Several years have passed since Betty Hanson started her latest book. But it’s not because she has writer’s block.
Hanson, a political science professor at UConn, has undertaken the analysis of the growing world of information and communication technologies to explain how they affect world politics.
Her book, The Information Revolution and World Politics, looks at how technology has affected three areas of global politics: diplomacy, war, and peace; the global economy and the distribution of the world’s wealth; and national sovereignty, identity, and culture.
The book looks at individual controversies regarding the impact of the information revolution on world politics.
For example, Hanson examines the role of the Internet in opening up China’s political system. Another example is how satellites affect what citizens of individual countries see about the world on television.
She examines how these have reduced the time and cost of communicating over great distances, and the variety of channels of communication and sources of information that are available.
Few scholars have attempted to look at the overall picture of global communications and how it influences world politics, Hanson says, but a lot of research about individual technologies has been done.
The first two chapters of her book trace the information revolution back to days long before the Internet existed.
Hanson looks at the use of communication devices such as the printing press and the telegraph, and explains how these are stages in a long line of communication technologies with a significant impact on global politics.
The rest of the book focuses on newer, globalizing technologies including the Internet, satellite, and cable.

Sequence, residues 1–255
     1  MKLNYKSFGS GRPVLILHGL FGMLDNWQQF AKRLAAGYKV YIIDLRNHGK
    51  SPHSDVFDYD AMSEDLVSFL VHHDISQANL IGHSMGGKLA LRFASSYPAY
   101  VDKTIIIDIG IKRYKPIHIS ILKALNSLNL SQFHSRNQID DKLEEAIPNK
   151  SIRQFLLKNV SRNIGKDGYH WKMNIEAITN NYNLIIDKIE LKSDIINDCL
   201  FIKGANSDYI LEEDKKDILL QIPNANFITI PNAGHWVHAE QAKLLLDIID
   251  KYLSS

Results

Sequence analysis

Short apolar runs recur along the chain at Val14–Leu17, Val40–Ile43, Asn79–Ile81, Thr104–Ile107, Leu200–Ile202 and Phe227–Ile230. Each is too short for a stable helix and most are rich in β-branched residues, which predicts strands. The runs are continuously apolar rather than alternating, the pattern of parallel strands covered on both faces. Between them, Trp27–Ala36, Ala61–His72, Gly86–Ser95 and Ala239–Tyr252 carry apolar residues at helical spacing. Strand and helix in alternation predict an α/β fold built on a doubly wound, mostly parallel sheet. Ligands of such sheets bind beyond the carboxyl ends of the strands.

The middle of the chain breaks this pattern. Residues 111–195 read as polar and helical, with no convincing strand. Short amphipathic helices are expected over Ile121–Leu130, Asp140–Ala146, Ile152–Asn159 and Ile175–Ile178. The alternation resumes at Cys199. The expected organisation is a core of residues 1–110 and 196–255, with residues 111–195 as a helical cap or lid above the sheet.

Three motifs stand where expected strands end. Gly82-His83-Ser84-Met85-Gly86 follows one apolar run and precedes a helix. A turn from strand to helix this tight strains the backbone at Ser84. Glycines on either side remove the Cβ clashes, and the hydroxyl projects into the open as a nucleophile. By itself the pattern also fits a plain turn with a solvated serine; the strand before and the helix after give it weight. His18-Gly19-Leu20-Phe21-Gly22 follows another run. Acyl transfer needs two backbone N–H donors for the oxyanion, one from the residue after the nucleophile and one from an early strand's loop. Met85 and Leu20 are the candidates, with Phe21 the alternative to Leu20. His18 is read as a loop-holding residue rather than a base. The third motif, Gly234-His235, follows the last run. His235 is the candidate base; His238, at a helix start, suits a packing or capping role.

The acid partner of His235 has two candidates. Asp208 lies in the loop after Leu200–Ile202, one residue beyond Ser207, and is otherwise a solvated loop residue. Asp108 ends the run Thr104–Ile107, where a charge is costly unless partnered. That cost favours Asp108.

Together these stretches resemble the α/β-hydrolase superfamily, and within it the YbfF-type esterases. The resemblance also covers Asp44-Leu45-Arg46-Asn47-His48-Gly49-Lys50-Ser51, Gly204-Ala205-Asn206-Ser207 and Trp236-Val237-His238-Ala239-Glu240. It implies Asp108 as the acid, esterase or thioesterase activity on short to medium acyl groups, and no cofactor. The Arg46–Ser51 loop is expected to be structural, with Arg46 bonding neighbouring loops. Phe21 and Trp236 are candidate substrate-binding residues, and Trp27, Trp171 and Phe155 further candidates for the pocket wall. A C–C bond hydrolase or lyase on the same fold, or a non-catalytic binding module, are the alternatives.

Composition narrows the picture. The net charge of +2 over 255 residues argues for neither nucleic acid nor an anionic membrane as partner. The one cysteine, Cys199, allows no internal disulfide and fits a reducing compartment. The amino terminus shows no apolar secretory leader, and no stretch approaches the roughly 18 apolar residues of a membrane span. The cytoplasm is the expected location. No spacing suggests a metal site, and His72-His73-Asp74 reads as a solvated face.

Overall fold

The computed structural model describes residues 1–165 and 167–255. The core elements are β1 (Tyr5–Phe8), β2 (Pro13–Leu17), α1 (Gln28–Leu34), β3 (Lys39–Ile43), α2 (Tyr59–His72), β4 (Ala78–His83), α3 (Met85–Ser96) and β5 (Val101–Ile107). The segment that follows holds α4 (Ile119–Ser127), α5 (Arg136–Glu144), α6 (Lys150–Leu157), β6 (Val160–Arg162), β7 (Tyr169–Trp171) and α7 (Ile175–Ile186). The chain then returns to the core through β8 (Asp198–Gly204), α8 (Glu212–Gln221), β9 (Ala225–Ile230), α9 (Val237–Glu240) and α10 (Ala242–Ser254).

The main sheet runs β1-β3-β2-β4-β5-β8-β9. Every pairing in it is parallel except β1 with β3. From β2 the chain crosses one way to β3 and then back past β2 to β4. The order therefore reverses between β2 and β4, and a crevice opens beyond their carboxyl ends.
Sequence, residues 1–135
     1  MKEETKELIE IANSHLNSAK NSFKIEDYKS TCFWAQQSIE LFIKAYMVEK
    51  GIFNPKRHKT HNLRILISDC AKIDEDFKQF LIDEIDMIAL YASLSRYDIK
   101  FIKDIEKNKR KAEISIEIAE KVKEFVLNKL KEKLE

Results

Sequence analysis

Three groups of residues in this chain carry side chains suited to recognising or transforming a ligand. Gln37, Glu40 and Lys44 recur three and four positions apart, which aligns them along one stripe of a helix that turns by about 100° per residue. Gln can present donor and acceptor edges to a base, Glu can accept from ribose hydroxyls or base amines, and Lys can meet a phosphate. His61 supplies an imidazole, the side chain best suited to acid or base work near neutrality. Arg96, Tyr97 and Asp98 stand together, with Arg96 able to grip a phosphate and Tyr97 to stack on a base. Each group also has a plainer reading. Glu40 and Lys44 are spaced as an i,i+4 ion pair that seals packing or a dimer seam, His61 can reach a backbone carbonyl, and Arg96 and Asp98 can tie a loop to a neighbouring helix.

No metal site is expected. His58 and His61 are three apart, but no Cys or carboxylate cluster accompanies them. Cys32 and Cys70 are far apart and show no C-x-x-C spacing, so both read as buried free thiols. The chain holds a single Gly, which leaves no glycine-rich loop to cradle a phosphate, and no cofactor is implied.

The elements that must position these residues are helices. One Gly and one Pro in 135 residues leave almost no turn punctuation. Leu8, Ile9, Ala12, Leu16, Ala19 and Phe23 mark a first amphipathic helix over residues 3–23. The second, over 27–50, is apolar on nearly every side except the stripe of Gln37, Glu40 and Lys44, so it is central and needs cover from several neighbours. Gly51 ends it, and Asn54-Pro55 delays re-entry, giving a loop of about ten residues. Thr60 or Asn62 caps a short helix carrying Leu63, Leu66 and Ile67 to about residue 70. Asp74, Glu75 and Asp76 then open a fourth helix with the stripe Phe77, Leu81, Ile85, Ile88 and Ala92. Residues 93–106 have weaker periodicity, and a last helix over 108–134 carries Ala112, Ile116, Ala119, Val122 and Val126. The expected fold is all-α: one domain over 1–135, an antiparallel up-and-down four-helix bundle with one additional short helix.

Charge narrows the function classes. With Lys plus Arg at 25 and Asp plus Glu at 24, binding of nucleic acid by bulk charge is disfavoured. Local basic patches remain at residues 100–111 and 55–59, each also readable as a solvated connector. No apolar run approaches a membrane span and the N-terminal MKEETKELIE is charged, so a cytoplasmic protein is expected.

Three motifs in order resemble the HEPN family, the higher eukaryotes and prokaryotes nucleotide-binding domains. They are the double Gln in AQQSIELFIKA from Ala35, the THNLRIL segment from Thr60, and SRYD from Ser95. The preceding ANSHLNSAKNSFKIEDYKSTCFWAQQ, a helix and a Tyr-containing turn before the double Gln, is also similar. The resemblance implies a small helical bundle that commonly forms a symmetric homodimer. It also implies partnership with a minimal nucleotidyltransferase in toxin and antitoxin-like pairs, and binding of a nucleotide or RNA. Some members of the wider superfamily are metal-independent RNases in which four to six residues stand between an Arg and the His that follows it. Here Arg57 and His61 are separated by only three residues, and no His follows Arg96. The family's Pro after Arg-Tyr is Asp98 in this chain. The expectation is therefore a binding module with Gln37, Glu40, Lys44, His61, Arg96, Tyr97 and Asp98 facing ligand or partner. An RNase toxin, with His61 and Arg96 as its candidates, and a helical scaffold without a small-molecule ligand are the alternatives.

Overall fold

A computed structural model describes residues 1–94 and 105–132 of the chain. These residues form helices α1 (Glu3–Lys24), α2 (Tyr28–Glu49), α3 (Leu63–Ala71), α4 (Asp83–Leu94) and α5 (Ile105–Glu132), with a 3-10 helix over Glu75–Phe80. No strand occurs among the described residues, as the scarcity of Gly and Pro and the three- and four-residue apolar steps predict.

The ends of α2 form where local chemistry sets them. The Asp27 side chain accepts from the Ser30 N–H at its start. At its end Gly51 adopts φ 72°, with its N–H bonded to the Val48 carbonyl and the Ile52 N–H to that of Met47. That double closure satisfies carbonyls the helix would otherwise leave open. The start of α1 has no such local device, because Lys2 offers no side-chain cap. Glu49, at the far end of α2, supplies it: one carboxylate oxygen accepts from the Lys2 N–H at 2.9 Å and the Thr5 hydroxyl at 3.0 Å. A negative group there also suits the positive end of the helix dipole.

Hanson uses a historical perspective to demonstrate one of her main arguments: that the future of technology was, and still is, open-ended and indeterminate.
She says the direction and impact of the new technologies, like earlier ones, depend on government policies, market forces, and social uses.
She concludes that the impact of the information revolution will be the net result of choices made by individuals, groups, enterprises, and states operating at local, national, and global levels.
| Political science professor Betty Hanson, author of a new book, in her office.
|Photo by Peter Morenus
One of her goals in writing the book is to bring the topic to the attention of scholars in international relations.
“Betty has written about a wide variety of topics in international relations throughout her career,” says Howard Reiter, head of the political science department.
“What I find inspiring is that she’s been willing to stick her neck out to delve into this emerging field of study before anyone else.
“Betty’s research will hopefully fuel more research on this topic, not only in international relations, but across the social sciences,” he adds.
Hanson says the book is relevant in the fields of both communication sciences and political science. It’s written to be understood by the average person.
She has written and rewritten parts of the book over a period of several years, trying to keep up with new and changing technologies, policies, and economic and social conditions.
“It’s a big, dynamic subject that’s always changing,” she says.
“I wanted to get the big picture, but it was difficult to figure out how to organize the book,” she adds. “Such a broad topic is difficult to conceptualize. I tried many methods before I hit on the right one.”
Hanson has had to add a section on cellular phones, for example, while working on her book, because they have become so widespread in the past few years.
“So much is changing so rapidly in the information world,” she says. “There are always new and relevant things I want to add.”
Kala Kachmar, a junior with a double major in journalism and political science, is a student in the Honors Program.